How To Create Action In A Photo
Action photographs are amongst the most compelling. Without much forethought on your part, you can create an image that has drama, movement and a little story in it. Instead of having to plan and set up a shot, you ostensibly just show up and snap away. That is somewhat true but a gross simplification, too. Taking action photos does take some forethought, but you don’t have control over the final outcome. In many ways, this makes it much more exciting and challenging.
In fact, it is so exciting that photographers have developed two distinct ways of creating photos that have action in them.
Single photographs of an action
This is the traditional action photograph that lends so much vibrancy to newspapers’ and websites’ written coverage of sport and other events. To create great action photos you need knowledge of the event you’re capturing, solid photography technique and pure dumb luck. You need to know the event you’re covering well because you actually need to start taking the photograph before the event happens, to give your camera time to react. You also need to have solid photography techniques down, so you can prepare your camera settings – and yourself – before things get started. After all, if you are covering a horse racing event, you don’t want to have to look away to change things on your camera or bring it up to your eye after the horses start running. If you do, you’ll miss everything.
Ultimately, though, it is down to a combination of luck and experience. You have to get your camera set, be ready to go as soon as the action starts, then take hundreds of photos and hope some of them work. As you get more experience photographing action, though, more and more of them will work. You will begin to have a sense of where the right places part of the equation is. You will also get an idea of when things are about to get interesting. Finally, you will have a good instinct about whether to use a fast shutter speed to freeze the subject in place or a slow shutter speed to blur the image and give a sense of quick movement. You can also get a crisp shot of the subject but a blurred background by lowering the shutter speed and turning at the waist to track the subject with your camera. If done right, the subject will be crisp and clear, whilst the background reflects the speed of its movement.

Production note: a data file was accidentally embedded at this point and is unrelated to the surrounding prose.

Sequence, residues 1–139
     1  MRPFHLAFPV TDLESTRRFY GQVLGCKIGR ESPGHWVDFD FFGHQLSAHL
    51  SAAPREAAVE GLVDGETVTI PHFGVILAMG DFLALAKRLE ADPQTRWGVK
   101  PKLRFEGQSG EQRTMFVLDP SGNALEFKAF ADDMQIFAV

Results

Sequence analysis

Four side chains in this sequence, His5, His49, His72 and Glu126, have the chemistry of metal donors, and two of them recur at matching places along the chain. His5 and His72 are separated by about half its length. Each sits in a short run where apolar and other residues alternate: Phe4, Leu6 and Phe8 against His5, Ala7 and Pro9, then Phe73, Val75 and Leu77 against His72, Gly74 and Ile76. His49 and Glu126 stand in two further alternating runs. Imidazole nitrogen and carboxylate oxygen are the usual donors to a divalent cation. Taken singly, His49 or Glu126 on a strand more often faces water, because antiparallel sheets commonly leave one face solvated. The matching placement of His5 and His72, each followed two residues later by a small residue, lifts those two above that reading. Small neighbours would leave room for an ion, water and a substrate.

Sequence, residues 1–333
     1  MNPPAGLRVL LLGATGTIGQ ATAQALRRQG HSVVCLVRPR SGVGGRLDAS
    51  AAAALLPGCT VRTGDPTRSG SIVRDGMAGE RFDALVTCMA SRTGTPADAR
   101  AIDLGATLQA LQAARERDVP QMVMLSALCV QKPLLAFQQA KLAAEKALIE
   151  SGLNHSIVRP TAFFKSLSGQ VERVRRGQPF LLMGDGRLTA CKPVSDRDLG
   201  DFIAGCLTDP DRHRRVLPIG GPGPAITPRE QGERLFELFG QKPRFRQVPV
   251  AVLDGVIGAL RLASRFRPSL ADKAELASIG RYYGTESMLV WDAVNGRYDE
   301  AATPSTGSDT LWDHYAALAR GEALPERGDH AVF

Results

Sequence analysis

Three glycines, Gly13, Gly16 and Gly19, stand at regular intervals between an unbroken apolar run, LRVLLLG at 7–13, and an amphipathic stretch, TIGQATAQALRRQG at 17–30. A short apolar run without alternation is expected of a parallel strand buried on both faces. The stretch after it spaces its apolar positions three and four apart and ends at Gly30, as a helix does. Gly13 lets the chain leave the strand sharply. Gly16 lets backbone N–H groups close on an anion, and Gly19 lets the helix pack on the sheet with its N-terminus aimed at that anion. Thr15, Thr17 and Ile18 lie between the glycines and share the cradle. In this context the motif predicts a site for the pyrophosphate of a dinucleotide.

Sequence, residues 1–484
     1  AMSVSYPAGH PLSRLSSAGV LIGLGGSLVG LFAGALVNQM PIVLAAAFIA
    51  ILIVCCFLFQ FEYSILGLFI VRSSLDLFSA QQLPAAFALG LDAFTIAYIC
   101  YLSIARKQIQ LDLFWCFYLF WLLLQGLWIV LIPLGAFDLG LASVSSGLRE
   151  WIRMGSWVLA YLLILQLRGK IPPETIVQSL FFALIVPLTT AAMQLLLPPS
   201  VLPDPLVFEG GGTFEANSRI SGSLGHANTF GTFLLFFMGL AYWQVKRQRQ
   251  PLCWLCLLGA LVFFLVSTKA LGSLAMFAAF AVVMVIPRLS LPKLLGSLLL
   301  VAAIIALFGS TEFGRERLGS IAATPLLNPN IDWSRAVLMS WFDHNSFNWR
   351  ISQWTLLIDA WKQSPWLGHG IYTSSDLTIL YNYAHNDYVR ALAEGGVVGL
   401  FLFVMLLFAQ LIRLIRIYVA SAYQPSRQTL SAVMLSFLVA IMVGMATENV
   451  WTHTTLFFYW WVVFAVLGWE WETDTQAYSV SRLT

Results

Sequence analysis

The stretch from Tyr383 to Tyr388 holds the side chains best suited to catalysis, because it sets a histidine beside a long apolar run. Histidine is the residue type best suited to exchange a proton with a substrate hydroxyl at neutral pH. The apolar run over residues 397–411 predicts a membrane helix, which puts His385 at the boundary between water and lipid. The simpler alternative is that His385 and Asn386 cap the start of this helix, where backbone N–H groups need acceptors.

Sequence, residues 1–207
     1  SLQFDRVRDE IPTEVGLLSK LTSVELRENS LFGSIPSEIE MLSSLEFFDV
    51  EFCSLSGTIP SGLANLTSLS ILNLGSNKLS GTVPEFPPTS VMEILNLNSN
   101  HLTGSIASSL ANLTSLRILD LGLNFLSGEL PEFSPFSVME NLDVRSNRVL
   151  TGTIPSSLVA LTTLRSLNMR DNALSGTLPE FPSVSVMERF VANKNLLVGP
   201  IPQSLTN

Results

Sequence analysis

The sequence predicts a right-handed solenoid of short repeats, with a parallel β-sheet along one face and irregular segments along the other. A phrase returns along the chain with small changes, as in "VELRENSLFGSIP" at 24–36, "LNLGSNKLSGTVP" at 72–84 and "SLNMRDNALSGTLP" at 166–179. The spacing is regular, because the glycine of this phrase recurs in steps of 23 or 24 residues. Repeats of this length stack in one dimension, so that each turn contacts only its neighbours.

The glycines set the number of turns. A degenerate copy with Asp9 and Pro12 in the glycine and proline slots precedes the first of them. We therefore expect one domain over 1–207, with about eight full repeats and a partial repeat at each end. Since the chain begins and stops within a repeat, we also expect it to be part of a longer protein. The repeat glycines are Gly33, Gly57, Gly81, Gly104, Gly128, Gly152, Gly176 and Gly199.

Layering a series of photos into one image
This technique creates an image that shows how the subject has moved through the space, like a time lapse video but as a static image. To do this, you need to know how to use photo editing software like Photoshop or GIMP, an open source program, and you need to take a series of photographs using your camera’s burst setting. This setting will take a series of images rapidly, so you can capture all the movement of a particular event.
In your photo editing program, create a canvas that is twice the height of your images and as long as all of the images in the sequence lined up next to each other. Then start placing the images, with the first image in the first layer, the second in the second and so on. Line up the images using the horizon or other fixed points as a reference. The easiest way to do this is to place all the images down. Make the first layer completely opaque, then set the second image to 50% transparency and make all the other images invisible. Line up the first and second image to your satisfaction, and repeat until all the images are aligned.
Now it’s time to cut and assemble the image. Set the second image to 50% transparent, the first to opaque and the others to clear. Cut away from the second image, sticking as close to the subject as possible while also ensuring there is no empty gap between the images. You can also set your eraser to 50% and blend the images together. Repeat the steps until all the images are blended together, and play around until you get the look you like.
With both of these techniques, you too can create photographs that simply explode with action. You can see some more examples of some great action photography below:
My author bio can be found below:
Claire writes for Print Express, a leading printing specialist based in the UK. Claire is a budding photographer, and enjoys experimenting with Photoshop.